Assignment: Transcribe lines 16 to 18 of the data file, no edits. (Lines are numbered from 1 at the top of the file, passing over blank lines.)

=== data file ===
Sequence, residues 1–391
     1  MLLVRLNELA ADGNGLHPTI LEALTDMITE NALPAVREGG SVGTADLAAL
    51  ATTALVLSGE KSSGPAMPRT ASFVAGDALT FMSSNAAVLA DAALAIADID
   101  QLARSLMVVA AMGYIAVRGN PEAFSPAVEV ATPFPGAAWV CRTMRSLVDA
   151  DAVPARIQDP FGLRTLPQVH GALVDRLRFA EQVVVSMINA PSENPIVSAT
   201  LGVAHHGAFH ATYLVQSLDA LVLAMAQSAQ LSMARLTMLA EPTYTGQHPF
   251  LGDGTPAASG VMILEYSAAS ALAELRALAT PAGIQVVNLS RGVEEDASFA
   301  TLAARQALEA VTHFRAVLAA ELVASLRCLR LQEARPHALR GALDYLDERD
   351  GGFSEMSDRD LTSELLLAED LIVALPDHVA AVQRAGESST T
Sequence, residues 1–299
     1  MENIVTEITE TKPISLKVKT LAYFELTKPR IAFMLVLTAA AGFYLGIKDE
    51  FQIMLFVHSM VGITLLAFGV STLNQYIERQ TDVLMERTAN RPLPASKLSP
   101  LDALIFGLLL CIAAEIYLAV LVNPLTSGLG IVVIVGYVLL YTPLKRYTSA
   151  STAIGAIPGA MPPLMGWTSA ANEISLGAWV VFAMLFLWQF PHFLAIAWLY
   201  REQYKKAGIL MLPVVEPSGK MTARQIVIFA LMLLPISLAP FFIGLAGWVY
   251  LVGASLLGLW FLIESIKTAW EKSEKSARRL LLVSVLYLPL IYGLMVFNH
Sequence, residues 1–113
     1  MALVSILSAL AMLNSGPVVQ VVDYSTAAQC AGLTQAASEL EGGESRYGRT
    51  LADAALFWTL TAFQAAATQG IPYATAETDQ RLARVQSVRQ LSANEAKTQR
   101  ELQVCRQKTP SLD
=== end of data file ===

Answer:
   251  LVGASLLGLW FLIESIKTAW EKSEKSARRL LLVSVLYLPL IYGLMVFNH
Sequence, residues 1–113
     1  MALVSILSAL AMLNSGPVVQ VVDYSTAAQC AGLTQAASEL EGGESRYGRT